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One of the easiest types of businesses that an individual can set up is a sole proprietorship. As the name implies, this is a business that is owned by a single individual.
However, unlike other types of corporate structures — like LLC, S-Corp, and C-Corp — a sole proprietorship is unincorporated.
What this means is that a sole proprietor owns the entire business, is entitled to all of the profits. But is also responsible for all the debt, liabilities, and losses that may occur.
Forming a Sole Proprietorship
There is no legal structure when forming a sole proprietorship. Unlike a LLC, which requires you to file papers with your state’s Secretary of State and then to publish in a newspaper, a sole proprietorship exists once you start doing business. I own a sole proprietorship because I am the only owner of my freelance writing career.
Once you have decided that you are going to do business, you’ll need to ensure that you have the correct licenses and permits for both the federal and local governments. The SBA has a great tool for determining what licenses and permits you’ll need.
The final thing that is important to remember is the business name. If you are just going to act in your own name, this isn’t important. But if you want to act under a different name, you’ll need to get what’s known as a “DBA” or “Trade Name.” This allows you to operate under that name rather than your own.
Sole Proprietorship Taxes
Because you are operating as your own business, taxes are very straight forward. You’ll need to fill out the following tax forms:
- Form 1040: Income Tax Return
- Schedule C (Form 1040): Profit or Loss from Business
- Schedule C-EZ (Form 1040): Net Profit from Business
- Schedule SE (Form 1040): Self-Employment Tax
- 1040-ES: Estimated Tax for Individuals
There are other forms, but for the most part, if you don’t have employees, the above are the ones that you need to be aware of for sole proprietorship taxes. That being said, it is always advisable to talk to an accountant to ensure that everything is squared away.
Advantages of Sole Proprietorship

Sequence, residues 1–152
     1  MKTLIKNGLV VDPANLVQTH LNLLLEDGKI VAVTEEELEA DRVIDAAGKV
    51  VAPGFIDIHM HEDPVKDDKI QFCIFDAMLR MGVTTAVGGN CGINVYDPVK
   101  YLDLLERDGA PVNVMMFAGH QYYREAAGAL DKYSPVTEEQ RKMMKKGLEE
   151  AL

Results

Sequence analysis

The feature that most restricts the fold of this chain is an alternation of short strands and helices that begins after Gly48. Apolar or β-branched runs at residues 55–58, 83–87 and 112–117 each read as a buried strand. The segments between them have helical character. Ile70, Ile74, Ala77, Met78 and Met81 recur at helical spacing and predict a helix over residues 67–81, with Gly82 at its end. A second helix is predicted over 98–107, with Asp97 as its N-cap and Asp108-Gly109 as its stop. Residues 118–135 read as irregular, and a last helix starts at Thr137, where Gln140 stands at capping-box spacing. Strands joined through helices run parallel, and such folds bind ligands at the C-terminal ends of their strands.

The sole proprietorship advantages are numerous. They're relatively straightforward to up, for starters. Because there is no formal process with local governments, you don’t need to wait to start operating your business. Equally, there are no real costs associated with getting started.
Taxes are easy to accomplish with sole proprietorships as well. If you’ve ever done taxes online, it’s just one additional step. In comparison to running a legal corporation, there is not that much work associated with doing your sole proprietorship taxes.
Disadvantages of Sole Proprietorship
On the other hand, there are disadvantages to running a sole proprietorship.
The first is the liability. If I had an employee that happened to get injured, I would have no protection against any law suits. A corporation adds a layer between me and the employee, which means that the business gets sued, not me.
Sole proprietorship liability also has to do with debt. If I invest in a new idea and it fails, any debts that I have accrued are tied to me. If I filed for bankruptcy, all of my personal assets could be up for grabs. If my business was incorporated and the business had to file for bankruptcy, my personal assets would be safe from seizure.
The other disadvantage is the inability to raise money. Investors won’t even consider your business because the structure is not conducive to a successful fundraising. Investors are literally buying a piece of your business when they invest, but a sole proprietorship doesn’t have stock to sell; therefore, investors can’t own anything.
Is a Sole Proprietorship Right for Me?
There are a two questions to ask yourself if you’re looking to start a business and don’t know if you should go the route of sole proprietorship or something more formal.
- Do I need to raise money? If so, you may want to go the route of something more formal because investors won’t be interested. If not, a sole proprietorship is sufficient.
- Will I need employees? If so, the added liability protection that comes from a corporation or LLC is better for you. If you’re a freelancer, a sole proprietorship is sufficient.
The good news is that Justworks can work with sole proprietors and corporations. If you have freelancers and want a straight forward way to handle paying them, just use the platform to process payroll at your schedule.
And at the end of the year, Justworks will ensure that the correct tax forms get to those contractors as well as the IRS.
How do business owners get paid?
This material has been prepared for informational purposes only, and is not intended to provide, and should not be relied on for, legal or tax advice. If you have any legal or tax questions regarding this content or related issues, then you should consult with your professional legal or tax advisor.